Part of the principle behind a CDHP is that the company funds an account for you to use for part of the deductible. So for instance (made up numbers), say your deductible is 3k, your company funds an account for 1.5k for you to use, then when you use up that account you are on the hook for the next 1.5k, and then the plan kicks in. You didn't mention this and I wanted to make sure you're aware that this is often the case. You may have access to money you don't know about. We had a choice of two plans through DH's work, and one was a CDHP. I had to really dig for information about this work-funded account, and the only reason I knew to do said digging is because I work in health care myself and actually took a class on this stuff. We ended up not going with the CDHP, but I wonder how many people don't even know about this aspect of it.

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Old 01-30-2012, 03:04 PM - Thread Starter
 
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My company does contribute a small portion to my HSA (very small, certainly not close to half of the deductible!) but I had totally forgotten about that actually! I'm glad you mentioned it.

I also didn't realize you could go to clinics & pharmacies for these things, though TBH I think only DH could get away with that, but it's a good option to keep in mind. I didn't realize blood testing for allergies was so much cheaper either. Hmm. Lots of things to look into. The frustrating thing is I know when I go to the doc (once I find a new one, that is!) that they will just give me paperwork for XYZ lab that they're affiliated with so... IDK.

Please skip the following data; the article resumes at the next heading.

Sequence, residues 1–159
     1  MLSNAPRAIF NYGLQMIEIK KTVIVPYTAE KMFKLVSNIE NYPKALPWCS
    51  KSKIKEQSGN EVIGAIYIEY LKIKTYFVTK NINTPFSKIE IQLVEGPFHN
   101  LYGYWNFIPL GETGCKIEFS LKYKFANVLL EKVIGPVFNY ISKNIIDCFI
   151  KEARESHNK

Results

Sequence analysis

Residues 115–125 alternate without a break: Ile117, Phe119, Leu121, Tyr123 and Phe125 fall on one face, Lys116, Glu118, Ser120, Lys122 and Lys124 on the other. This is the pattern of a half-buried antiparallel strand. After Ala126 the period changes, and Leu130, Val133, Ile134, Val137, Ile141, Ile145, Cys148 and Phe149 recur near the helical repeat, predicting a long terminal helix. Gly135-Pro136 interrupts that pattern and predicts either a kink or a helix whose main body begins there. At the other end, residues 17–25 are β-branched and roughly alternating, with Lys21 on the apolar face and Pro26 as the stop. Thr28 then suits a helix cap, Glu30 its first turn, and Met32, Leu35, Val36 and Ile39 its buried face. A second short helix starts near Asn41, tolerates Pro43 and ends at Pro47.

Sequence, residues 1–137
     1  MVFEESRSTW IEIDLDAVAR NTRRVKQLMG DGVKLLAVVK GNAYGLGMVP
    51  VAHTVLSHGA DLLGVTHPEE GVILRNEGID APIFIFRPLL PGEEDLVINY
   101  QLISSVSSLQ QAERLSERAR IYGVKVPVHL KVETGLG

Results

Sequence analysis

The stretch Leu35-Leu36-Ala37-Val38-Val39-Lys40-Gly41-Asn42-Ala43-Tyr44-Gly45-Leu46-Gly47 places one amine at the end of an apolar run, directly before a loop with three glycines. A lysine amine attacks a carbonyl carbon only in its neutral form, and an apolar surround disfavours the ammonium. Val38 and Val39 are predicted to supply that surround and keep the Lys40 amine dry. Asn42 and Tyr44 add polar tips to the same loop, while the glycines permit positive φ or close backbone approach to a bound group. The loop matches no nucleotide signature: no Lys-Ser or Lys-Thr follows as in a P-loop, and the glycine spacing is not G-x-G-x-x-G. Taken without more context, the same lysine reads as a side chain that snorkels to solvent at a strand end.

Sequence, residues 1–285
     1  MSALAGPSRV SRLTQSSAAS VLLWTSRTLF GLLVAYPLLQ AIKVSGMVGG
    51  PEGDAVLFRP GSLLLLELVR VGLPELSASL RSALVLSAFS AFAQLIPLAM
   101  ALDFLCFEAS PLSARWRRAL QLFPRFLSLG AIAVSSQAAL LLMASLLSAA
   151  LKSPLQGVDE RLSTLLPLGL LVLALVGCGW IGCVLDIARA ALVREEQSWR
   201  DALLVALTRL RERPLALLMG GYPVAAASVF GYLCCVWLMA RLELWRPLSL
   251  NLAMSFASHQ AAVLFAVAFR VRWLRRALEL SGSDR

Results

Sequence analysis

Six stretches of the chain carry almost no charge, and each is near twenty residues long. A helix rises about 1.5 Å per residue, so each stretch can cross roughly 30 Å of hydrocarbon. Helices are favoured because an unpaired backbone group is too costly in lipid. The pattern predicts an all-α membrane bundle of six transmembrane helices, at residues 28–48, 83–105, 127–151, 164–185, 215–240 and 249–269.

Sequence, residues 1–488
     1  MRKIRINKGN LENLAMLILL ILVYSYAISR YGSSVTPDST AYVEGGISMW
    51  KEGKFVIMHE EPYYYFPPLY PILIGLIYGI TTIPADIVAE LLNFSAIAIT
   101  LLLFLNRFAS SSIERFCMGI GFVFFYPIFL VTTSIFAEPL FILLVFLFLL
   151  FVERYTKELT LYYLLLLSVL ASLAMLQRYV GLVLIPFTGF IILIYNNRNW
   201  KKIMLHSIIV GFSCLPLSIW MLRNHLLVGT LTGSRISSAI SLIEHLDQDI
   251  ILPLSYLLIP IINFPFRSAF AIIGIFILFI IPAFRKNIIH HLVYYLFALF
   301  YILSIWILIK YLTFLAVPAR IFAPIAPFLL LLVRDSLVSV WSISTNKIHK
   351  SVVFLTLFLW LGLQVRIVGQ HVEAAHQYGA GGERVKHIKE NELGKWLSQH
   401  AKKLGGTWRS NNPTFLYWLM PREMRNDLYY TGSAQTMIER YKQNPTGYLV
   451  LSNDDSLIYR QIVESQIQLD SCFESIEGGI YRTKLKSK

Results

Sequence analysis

So maybe it makes more sense to just get whatever healthcare we need? I know we will come very close to meeting our deductible if we take care of all these things.

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Old 01-30-2012, 04:10 PM
 
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Don't forget too that many of these expenses are tax deductable for next year so SAVE everything.  Do you have any health fairs in your area (you can call the local hospital)?  We have one in March every year and full blood work is only $20.  So many people do that and then take it to the doc of their choice to go over.

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Old 01-31-2012, 07:06 AM
 
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I had allergy testing at an allergist done a few months ago and it was $1500 and took 2+ hours. That included many peak flow tests, albuteral and my whole back scratched up for a scratch test.  So, don't assume $150 unless your doc confirms that price!

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Old 01-31-2012, 11:43 AM
 
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I am sure blood testing though an independent lab will save you money- but you may or may not find it that cheap- my sisters was but that was a while ago.  I would call around and you will still probably have to have someone order it....  This will take leg work on your part- but that is part of the consumer driven aspect.  

 

The last time I walked into an allergist it was $300.  So stay away if at all possible.  What do you think you are allergic to that you really can't eliminate and try yourself?  Food you should be able to eliminate...

 

eta- I have found that doing a liver cleanse really makes my allergies so much easier to handle- I would try that first before shelling out any money....  Also standard process makes a supplement called Antronex that works really well to get your liver working right and makes allergies much better to deal with.  These are probably the cheapest alternatives that really are the best for your body too.


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Old 02-06-2012, 10:44 AM - Thread Starter